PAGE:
Here are some key points to consider when creating yours:

 FEMA suggests that every household have an easy-to-carry bundle of supplies like water, food and medications to last at least three days. In addition to one in your home, you may want to keep an emergency kit in your car, because you never know when disaster might strike. Here is a list of items to include in your kit.

There are some places you absolutely should not be in the event of severe weather. For instance, If you live in a mobile home you should leave and take shelter in a sturdier building. If you happen to be driving during a disaster locate a truck stop or some other well-built structure such as a highway underpass.

Practice for the worst-case scenario. Run drills at home so you aren’t stuck figuring things out in the middle of an actual disaster.

Identify responsibilities for each member of your household and determine how you will work together as a team.

The Red Cross advises practicing evacuating your home twice a year. Grab your emergency kit, just like you will in a real emergency, then drive your planned evacuation route. Plot alternate routes on your map in case roads are impassable. Make sure you have locations and maps saved on devices, GPS units, and on paper.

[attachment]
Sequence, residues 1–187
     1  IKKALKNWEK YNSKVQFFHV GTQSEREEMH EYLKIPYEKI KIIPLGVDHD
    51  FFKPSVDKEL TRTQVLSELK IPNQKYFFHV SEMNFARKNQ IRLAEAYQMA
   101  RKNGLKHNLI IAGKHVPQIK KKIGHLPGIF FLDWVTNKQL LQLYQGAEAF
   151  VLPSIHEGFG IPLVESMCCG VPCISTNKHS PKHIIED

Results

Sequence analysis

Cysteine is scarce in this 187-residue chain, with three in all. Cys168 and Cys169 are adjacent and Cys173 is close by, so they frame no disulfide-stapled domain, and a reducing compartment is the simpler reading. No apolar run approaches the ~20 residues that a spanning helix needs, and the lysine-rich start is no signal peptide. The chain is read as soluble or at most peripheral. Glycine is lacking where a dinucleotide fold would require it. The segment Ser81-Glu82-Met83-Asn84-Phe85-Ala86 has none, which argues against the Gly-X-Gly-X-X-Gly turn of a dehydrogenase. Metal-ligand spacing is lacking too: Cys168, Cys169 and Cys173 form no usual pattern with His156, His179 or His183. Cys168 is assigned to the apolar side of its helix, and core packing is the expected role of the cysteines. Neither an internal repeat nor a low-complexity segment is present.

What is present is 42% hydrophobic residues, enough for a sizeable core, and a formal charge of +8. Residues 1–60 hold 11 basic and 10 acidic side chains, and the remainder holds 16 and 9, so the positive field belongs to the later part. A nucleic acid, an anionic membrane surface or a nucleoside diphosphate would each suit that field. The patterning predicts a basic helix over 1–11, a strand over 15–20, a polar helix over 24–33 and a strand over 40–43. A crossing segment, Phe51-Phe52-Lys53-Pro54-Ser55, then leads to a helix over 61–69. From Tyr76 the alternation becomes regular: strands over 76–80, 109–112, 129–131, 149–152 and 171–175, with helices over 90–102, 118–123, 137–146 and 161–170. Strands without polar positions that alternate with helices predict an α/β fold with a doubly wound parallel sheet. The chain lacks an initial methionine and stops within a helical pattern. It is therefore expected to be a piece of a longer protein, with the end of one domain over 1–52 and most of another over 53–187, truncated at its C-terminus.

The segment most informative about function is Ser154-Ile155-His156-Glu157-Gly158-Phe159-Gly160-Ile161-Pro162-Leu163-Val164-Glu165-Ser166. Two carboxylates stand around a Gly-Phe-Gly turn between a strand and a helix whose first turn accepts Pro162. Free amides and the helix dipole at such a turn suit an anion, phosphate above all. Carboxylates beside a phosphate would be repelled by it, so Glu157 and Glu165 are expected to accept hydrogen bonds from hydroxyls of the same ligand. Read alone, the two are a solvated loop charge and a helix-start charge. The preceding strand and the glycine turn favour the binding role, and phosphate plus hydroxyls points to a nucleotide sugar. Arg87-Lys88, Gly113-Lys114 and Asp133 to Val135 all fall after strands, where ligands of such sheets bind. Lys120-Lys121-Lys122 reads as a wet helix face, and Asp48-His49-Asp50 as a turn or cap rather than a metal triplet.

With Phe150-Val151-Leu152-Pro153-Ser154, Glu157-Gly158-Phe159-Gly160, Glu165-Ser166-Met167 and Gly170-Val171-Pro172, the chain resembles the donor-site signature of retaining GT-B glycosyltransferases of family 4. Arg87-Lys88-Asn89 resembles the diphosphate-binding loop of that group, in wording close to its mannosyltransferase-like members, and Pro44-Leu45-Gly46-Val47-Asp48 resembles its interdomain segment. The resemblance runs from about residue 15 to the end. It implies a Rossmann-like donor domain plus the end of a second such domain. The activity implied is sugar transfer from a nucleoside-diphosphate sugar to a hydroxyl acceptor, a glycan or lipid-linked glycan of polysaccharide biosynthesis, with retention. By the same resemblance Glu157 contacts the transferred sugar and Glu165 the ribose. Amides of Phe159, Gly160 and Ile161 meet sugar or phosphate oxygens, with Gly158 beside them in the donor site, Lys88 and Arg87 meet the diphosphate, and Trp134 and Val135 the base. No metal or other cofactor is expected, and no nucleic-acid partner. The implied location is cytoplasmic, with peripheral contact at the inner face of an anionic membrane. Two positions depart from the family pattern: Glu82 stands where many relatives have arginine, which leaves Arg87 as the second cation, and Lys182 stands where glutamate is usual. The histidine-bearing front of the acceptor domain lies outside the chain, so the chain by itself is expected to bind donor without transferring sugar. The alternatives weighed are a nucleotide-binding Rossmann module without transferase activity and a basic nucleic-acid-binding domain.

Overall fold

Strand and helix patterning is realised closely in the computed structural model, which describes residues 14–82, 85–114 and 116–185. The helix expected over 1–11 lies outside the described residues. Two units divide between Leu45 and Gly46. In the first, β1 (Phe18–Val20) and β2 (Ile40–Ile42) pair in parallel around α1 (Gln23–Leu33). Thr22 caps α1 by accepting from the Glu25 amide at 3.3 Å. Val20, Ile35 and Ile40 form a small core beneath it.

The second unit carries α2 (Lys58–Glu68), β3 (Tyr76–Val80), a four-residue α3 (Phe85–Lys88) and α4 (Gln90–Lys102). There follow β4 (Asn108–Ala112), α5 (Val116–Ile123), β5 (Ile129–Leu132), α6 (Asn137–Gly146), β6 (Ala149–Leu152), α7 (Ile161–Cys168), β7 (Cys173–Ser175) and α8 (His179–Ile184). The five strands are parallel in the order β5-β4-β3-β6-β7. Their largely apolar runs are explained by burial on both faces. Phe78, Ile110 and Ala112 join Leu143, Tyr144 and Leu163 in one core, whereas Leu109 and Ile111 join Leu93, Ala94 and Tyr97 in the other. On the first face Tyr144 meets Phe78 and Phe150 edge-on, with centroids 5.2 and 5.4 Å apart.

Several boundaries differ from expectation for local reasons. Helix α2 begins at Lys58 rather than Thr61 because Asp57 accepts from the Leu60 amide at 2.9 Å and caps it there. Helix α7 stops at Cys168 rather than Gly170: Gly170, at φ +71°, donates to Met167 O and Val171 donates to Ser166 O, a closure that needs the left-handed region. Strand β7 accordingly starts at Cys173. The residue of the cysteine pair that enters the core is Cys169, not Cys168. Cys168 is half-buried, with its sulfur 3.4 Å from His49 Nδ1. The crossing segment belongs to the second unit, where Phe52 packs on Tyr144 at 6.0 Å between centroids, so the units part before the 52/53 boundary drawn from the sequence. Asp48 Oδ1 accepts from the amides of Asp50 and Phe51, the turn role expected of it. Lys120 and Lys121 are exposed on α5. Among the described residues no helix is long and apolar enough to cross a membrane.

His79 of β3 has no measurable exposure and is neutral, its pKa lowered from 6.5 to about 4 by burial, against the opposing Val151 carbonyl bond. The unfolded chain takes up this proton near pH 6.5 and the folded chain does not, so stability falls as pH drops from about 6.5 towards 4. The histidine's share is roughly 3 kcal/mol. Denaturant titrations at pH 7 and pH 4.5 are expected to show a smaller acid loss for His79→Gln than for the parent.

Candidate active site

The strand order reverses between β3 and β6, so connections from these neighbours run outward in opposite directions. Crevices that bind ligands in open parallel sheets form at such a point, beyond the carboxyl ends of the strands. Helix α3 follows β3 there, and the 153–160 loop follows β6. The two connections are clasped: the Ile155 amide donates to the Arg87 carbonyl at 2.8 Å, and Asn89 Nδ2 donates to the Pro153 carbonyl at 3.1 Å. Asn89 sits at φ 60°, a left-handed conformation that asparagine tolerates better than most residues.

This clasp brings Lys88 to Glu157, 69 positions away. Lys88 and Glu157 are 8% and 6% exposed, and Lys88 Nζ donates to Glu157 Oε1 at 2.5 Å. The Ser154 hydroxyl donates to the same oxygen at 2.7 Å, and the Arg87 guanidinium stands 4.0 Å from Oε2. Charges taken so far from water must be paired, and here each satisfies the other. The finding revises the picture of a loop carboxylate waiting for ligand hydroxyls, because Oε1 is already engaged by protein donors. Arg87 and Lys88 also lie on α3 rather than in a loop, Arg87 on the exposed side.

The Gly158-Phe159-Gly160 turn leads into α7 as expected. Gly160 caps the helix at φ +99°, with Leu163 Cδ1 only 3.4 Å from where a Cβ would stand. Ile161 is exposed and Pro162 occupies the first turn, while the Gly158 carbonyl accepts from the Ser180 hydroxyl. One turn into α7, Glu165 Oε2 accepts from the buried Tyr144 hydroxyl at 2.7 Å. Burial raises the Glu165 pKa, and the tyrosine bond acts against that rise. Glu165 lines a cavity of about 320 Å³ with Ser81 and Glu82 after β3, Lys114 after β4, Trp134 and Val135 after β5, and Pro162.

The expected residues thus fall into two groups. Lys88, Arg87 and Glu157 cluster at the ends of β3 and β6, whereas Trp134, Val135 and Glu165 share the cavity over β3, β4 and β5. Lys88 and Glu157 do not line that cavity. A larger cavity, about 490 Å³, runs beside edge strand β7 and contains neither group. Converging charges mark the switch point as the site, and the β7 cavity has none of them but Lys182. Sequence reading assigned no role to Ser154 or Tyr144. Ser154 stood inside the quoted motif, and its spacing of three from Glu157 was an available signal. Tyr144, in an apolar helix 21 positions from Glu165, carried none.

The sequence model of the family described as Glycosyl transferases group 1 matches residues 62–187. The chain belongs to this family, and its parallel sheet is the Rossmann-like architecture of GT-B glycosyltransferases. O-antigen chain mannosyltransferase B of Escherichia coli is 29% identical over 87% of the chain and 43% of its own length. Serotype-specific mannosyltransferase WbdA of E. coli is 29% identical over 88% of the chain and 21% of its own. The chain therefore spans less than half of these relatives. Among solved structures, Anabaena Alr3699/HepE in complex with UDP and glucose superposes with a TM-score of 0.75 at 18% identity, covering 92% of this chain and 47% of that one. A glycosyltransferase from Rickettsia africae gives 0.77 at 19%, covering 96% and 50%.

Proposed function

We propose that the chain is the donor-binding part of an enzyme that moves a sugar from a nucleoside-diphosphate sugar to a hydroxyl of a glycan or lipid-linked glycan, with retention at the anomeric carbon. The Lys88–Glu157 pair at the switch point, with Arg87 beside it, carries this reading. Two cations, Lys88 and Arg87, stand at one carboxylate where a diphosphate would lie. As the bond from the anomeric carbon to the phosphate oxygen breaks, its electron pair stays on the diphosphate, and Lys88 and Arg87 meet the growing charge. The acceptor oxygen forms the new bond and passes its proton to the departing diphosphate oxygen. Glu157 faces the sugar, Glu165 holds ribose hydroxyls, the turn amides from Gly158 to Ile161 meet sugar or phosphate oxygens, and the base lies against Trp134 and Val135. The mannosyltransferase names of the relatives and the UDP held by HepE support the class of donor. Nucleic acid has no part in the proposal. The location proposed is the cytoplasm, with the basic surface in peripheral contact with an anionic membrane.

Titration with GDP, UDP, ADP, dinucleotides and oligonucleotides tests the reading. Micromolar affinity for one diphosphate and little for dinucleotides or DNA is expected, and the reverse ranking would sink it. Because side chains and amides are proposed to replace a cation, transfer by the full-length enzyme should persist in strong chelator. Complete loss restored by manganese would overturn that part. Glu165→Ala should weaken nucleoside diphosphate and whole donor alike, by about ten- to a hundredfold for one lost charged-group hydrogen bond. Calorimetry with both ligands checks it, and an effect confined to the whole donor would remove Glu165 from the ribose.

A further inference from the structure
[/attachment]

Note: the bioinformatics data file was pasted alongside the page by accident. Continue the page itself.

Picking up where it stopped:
Plan ahead for your pets. Keep a phone list of pet-friendly hotels/motels and animal shelters that are along your evacuation routes. Remember, if it’s not safe for you to stay home, it’s not safe for your pets either.

Eventually, after the imminent danger passes, you’ll want to assess the damage to your home and property. If you have a claim you’ll also want to contact your Snyder Insurance Representative. This is what we’re trained to do — walk you through the claim process, answer any questions, and in general be a friendly voice on the other side of the phone.

Flood Insurance

A Case for Flood Insurance

Flood insurance seems very straightforward:

You buy or build a  home near water. You know you’re running the risk of flooding. As a responsible homeowner, you purchase a homeowner’s insurance policy. Now you’re covered for flooding. Right? Most likely, no.

Flood Insurance

In fact, there are a couple of costly assumptions in this seemingly simple statement. 

Consider this: It’s spring and it’s been raining more than normal. The weather is looking downright nasty and the storm drains in your neighborhood are already blocked and filling up. When the water starts to creep down in your basement it will take less than a foot of water to cause tens of thousands of dollars in damages. 

You didn’t get a flood insurance policy because you’re not in a flood plain. There’s not a river or lake within 75 miles of where you live. But floods aren’t only caused by rivers and lakes. They also result from levee or dam failures, broken water mains, and in the scenario above, clogged storm drains. In fact, according to FEMA, 99% of US counties were impacted by floods between 1996 – 2019. The numbers speak for themselves; your home will, at some point, most likely be subjected to flood waters.